There’s a feeding frenzy at elite business schools right now with every Stanford, Harvard or Wharton applicant—and there are plenty—sweating bullets that a name brand degree is their only ticket to ride.
For Michelle Miller, CEO of MBA admissions consultancy ARINGO Americas, rankings perpetuate this vicious cycle among elite schools: “[They] attract the top professors and staff, receive higher funding and donations, and, of course, organizations want to be connected to these schools so they recruit on campus,” she says.
B-schools generally agree that rankings are a necessary evil, given the perspective they offer prospective b-schoolers to compare their options, as well as the potential they have to expose programs to a massive audience.
The flip side is that many equally excellent, if not superior, b-schools with less marquee names are failing to attract applicants, due in no small part to their reps in the rankings.
Since perception is everything, many argue that the distinction between tiers needs to be reconsidered to avoid conflations between prestige and quality.
Accepted.com’s Linda Abraham says: “The bottom 10 programs in US News & World Report (USNWR) rankings are still in the top 20% of the 500 MBA programs that participated in the USNWR survey. That context provides valuable perspective to applicants considering programs in the bottom half of US News ranked programs. I'm not sure it's fair or accurate to call those ten schools ‘underperforming.’”
The US News rankings are tabulated based on three major factors: recruiter assessment and student placement; class GMAT and GPA scores; and peer assessments from admins at other schools.
Administrators agree that the metrics used to evaluate schools don’t paint accurate portraits. Dean Latha Ramchand of the University of Houston’s CT Bauer College of Business says:
“The absence of a student or alumni satisfaction component in the US News rankings is rather odd. In addition, intangible factors such as the ‘feel’ of the learning environment, or the ‘fit’ of a particular applicant to a specific program are important, neither of which is captured in rankings.”
In fact, at lower-ranked business schools, students can still get a world-class education at a fraction of the price and a sliver of the admissions headache.
Jeff Thomas, CEO of Stratus Admissions Counseling, sings the praises of the Thunderbird School of Global Management, despite a low USNWR ranking:
“[Thunderbird’s] overall ranking on USNWR is 88 (of 93). However, if you look behind the numbers, Thunderbird is ranked fourth in terms of its international program. If an MBA candidate knows that they want to work internationally after earning an MBA, they can receive a top-five international business education at the 88th-ranked business school!”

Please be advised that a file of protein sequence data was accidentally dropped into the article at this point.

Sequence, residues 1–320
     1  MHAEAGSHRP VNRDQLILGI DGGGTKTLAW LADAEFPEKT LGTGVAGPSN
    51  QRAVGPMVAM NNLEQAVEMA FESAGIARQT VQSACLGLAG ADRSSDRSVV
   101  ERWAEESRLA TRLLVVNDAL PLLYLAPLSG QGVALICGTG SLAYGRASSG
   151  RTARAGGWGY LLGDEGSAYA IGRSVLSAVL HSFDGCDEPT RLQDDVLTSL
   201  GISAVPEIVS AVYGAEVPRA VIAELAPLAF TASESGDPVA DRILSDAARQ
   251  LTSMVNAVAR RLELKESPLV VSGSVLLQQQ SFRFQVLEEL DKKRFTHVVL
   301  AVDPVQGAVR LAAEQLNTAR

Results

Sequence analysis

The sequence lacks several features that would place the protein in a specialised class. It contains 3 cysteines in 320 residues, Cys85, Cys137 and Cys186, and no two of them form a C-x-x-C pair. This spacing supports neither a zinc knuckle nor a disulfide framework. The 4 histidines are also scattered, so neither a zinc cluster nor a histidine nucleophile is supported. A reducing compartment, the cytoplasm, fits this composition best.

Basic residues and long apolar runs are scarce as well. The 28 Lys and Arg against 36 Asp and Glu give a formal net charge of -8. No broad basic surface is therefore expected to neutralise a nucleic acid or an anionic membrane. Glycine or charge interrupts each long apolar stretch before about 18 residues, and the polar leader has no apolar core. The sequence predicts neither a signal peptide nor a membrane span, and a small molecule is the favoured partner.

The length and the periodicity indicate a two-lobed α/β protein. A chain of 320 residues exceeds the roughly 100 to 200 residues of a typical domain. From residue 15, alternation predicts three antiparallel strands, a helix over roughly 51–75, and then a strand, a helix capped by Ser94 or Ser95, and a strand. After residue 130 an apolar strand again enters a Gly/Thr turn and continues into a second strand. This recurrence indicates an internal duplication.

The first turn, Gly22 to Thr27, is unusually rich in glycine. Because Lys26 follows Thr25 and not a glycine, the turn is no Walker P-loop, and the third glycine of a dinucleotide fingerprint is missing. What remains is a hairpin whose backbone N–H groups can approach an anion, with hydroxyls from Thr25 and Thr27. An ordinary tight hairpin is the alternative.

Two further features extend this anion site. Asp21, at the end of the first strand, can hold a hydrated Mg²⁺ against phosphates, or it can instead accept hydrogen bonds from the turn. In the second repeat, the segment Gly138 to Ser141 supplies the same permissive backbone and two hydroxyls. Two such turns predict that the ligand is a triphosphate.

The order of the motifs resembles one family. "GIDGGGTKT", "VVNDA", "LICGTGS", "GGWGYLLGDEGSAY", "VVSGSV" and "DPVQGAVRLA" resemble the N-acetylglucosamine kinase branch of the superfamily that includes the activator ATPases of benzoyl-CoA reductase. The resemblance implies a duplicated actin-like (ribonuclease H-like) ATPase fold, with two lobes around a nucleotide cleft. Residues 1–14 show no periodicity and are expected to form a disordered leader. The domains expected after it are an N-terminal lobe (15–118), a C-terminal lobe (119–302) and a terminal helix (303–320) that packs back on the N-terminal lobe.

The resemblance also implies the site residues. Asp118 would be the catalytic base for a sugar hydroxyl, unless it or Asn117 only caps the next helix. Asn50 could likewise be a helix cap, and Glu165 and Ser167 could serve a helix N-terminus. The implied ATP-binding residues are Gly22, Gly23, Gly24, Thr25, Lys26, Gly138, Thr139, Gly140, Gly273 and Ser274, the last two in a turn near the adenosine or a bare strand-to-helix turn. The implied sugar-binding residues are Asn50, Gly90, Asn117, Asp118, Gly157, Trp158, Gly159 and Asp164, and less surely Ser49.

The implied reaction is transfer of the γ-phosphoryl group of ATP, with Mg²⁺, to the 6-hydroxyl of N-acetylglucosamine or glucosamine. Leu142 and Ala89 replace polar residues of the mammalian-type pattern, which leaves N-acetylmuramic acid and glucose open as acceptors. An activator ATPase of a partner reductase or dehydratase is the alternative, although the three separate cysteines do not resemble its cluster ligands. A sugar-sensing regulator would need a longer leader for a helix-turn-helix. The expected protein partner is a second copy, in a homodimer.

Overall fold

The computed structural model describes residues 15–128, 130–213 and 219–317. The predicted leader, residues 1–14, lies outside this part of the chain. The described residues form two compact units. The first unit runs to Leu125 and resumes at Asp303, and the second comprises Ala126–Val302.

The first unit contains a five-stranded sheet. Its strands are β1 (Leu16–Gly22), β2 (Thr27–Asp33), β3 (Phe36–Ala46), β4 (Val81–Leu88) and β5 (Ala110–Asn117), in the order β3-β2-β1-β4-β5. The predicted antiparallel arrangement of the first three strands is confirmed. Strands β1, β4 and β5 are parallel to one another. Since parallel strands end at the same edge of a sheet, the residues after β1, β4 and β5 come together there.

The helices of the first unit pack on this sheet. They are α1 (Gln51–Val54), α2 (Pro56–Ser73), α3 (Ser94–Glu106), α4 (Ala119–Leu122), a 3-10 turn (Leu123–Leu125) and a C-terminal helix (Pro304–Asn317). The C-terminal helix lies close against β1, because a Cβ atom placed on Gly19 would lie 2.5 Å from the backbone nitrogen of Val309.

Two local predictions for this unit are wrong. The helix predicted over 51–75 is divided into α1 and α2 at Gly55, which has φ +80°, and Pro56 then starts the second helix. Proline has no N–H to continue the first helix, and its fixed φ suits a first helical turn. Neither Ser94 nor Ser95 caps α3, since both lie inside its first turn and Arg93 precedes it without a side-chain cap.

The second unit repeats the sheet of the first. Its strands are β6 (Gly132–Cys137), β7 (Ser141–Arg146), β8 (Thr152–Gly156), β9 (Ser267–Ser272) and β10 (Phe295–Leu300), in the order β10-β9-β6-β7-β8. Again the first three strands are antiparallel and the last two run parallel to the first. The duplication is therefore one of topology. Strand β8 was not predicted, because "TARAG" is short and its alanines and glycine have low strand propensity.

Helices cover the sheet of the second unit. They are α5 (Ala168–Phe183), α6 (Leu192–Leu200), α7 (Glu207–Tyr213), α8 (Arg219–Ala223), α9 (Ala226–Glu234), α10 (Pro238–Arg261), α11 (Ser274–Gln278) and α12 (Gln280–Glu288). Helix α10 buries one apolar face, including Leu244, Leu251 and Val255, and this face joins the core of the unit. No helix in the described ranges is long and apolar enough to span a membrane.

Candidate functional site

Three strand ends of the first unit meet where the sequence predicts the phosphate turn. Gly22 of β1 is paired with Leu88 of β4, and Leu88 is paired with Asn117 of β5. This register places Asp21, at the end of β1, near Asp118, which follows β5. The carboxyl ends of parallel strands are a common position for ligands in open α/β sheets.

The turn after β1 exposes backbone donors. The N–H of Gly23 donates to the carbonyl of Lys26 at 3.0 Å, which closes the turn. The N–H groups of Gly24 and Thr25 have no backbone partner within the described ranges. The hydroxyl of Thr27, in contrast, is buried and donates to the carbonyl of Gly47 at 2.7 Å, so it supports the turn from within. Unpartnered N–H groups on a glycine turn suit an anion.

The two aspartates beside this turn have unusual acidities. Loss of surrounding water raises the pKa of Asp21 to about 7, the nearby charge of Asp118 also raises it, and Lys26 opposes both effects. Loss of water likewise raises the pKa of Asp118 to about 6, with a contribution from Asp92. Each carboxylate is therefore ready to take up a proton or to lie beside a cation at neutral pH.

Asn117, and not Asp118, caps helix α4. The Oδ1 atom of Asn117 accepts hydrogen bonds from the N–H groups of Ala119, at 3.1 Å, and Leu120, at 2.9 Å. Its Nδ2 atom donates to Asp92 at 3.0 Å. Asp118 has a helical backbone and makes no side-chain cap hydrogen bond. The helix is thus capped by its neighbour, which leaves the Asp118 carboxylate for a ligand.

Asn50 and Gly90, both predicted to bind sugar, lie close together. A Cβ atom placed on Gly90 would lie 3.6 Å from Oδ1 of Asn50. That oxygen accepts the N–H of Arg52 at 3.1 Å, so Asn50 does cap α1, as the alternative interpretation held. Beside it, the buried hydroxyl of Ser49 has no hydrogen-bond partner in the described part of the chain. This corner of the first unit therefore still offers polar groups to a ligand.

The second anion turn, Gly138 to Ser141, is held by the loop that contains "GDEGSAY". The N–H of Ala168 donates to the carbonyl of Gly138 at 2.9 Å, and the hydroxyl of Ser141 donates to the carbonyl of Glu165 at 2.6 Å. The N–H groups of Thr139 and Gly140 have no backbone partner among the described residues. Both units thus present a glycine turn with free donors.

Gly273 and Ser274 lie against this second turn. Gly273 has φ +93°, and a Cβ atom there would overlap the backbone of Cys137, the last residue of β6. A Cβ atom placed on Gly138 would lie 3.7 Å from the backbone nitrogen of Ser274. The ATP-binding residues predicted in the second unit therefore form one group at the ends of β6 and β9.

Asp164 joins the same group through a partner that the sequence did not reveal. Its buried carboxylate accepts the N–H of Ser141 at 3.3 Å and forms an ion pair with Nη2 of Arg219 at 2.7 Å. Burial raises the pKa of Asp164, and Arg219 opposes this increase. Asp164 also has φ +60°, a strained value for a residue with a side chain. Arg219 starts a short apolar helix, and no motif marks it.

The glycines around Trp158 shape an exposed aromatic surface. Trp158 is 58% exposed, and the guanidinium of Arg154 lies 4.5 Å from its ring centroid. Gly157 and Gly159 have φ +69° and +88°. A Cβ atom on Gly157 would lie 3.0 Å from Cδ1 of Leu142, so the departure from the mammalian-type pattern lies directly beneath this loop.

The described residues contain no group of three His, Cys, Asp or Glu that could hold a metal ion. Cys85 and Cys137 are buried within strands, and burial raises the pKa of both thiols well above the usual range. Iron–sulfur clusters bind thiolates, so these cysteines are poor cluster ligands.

What can lower-ranked schools do to compete with the so-called big dogs?
While many lower-ranked schools build their operations around niches, MBA consultant Paul Bodine notes that location is a key factor that sustains the bottom 10 of USNWR’s top 100:
“[These schools] survive because they have established niches in urban areas (Chicago, Philadelphia, Houston, Rochester etcetera) that are sufficiently large to provide enough applicants and hiring employers to give these schools a locally-valuable brand.
“They can survive and even thrive if they strengthen their local roots and brand, provide value for tuition dollars, keep innovating, gradually tighten standards and perhaps partner with institutions outside their region.”
Eric Koomen, communications and marketing director at RIT’s Saunders College of Business agrees: “Salaries are an important outcome for many students, and salary metrics typically favor schools that are located in the largest cities. Therefore, salaries are likely higher for those schools, but salary data does not account for cost of living considerations which are important relative to lifetime savings and overall return on investment for going to college.”
Innovation is a key theme for institutions all across the board, but more so for lower-ranked schools who must keep themselves abreast of the latest admissions developments in order to stay afloat.
Chioma Isiadinso of EXPARTUS suggests: “Hybrid models of online and on-campus or through unique specializations that allow them to build ties with the companies in their region. Targeted marketing efforts to reach the audience interested in their program is necessary for these programs to survive.”
Ultimately, lower-ranked programs have to develop some kind of competitive advantage to attract applicants who increasingly have more options at their disposal.